Even the Great Recession of 2008 didn’t keep Jaime Nack ’98, M.P.P. ’02, a member of the Alumni Association board, from launching Three Squares, Inc., a sustainability company that does well by doing good. The walls of her Santa Monica office are crowded with awards, plaques and proclamations. A plain white rectangle turns out to be the agenda from a 2011 White House meeting of the National Women’s Business Council. Three panoramic photos recall Democratic National Conventions — including Denver 2008, where Nack made history by proving that a major political event could be a model of sustainability.

When you’re invited to a picnic, do your friends worry you’ll critique how green they are?

Always! One of the things I don’t like about the environmental industry is that we’re judgy. I find that the best way of effecting change is by people seeing your behavior and modeling it. So if you’re in a restaurant and you order your drink and say, “No straw, please,” everyone at the table hears you. And the waiter asks, “Does everyone else want straws?” And then other people have the option to say yes or no. So you start to influence people.

How did you first get interested in sustainability?

I was always interested in events, in engaging the community around issues that mattered. When I left UCLA undergrad, I worked for the City of Santa Monica. I ran the city’s volunteer program and interfaced with local environmental groups like Heal the Bay and Baykeeper Alliance. And I loved the fact that we were able to use the events medium as a way to educate and engage people about environmental issues.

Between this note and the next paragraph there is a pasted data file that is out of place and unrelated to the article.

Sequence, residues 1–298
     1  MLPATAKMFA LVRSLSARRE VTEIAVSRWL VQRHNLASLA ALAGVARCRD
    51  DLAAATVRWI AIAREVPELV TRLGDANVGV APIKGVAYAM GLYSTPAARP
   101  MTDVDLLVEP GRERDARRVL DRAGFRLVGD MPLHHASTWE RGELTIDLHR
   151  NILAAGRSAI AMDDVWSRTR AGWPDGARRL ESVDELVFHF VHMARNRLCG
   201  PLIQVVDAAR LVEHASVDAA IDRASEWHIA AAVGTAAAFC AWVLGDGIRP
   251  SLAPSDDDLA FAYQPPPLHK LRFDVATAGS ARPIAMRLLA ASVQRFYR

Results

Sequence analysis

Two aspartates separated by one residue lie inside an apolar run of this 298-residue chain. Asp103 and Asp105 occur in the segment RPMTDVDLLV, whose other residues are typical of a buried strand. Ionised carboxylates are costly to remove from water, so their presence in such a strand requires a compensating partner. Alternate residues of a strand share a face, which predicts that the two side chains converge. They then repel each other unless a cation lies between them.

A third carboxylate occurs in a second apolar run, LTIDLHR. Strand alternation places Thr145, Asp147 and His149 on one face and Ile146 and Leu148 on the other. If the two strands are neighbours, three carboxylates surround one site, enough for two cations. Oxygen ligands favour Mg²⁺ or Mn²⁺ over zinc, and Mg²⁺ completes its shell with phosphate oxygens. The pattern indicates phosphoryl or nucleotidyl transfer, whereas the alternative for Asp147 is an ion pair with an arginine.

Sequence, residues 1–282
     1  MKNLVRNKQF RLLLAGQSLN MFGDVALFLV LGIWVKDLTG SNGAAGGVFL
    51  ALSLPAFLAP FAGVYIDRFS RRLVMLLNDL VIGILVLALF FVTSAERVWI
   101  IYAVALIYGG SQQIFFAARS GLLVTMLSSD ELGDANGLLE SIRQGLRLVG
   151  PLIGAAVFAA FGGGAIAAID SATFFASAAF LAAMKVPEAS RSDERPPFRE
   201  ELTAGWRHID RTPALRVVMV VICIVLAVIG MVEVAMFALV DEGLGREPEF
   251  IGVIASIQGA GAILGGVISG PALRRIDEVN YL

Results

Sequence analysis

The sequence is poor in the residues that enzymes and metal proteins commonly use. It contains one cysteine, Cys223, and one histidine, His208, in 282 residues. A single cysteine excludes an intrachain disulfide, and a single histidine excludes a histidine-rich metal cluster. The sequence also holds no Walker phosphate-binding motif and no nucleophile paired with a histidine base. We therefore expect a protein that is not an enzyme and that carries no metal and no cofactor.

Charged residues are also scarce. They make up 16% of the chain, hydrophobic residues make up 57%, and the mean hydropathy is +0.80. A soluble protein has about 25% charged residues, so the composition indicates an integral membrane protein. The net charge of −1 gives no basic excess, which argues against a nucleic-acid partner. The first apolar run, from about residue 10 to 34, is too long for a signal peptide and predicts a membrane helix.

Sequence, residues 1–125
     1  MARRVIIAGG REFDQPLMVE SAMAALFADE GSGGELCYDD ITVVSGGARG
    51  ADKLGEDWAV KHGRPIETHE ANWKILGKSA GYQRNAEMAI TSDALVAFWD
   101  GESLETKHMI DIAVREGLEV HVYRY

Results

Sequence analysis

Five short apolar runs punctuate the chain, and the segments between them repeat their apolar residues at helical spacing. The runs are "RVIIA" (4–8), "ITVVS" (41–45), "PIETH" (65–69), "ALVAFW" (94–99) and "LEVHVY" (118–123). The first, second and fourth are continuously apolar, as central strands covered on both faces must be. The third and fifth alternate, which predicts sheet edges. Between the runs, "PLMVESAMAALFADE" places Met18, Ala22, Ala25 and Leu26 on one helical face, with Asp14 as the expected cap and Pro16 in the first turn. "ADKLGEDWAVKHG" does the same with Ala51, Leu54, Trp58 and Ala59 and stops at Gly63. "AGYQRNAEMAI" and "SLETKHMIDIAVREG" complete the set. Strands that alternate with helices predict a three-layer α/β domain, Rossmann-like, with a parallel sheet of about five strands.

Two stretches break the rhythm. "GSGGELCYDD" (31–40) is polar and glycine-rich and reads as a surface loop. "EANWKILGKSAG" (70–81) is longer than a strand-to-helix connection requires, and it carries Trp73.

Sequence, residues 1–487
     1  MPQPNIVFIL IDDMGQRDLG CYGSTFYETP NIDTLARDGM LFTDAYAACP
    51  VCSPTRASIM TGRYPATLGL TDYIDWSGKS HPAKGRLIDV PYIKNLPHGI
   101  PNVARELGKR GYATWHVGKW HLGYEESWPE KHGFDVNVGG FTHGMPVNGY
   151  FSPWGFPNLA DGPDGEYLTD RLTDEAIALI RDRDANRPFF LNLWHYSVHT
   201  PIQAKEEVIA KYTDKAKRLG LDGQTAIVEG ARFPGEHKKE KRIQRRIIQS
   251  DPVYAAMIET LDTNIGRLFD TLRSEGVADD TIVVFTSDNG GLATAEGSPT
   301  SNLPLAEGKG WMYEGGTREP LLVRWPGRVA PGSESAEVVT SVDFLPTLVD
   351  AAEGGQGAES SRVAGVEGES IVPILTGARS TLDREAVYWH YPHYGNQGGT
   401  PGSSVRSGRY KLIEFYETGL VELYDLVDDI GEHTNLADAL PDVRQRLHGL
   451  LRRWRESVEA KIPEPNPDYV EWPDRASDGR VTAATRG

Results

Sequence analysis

What’s the most important thing you learned in your UCLA classes?

I was in the first class of the public policy minor, and Michael Dukakis taught an undergraduate course. He always had time for his students, [was] always there for office hours, always wanted to make time. He really inspired me to pursue a career in service.

And outside the classroom?

Student government was my life boot camp. I had to manage a budget. I had to hire and fire staff. I had to hire and recruit volunteers. We had to write grant applications to get funding for our projects. With JazzReggae, we built it from a 5,000-person event to a 30,000-person event in just three years. So it was a big, real-life lesson in how to scale through relationship building: the radio stations, the cable TV stations, the music industry.

What was your first job after earning your master of public policy degree?

I saw an ad for an environmental consulting firm in Santa Monica that was looking for a director of events. And I thought, perfect. It matches my event experience with policy and environmental. In the interview I asked, “Could the title be Director of Events and Marketing in order to include educational outreach?” And they were like, “You’re changing the title in a job interview? We haven’t even offered you the job yet.” But sure enough, I changed the title of the job, and worked there for three and a half years and essentially just self-taught [myself] everything and anything that I could learn about the environmental industry.

What are the “Three Squares” in your business name?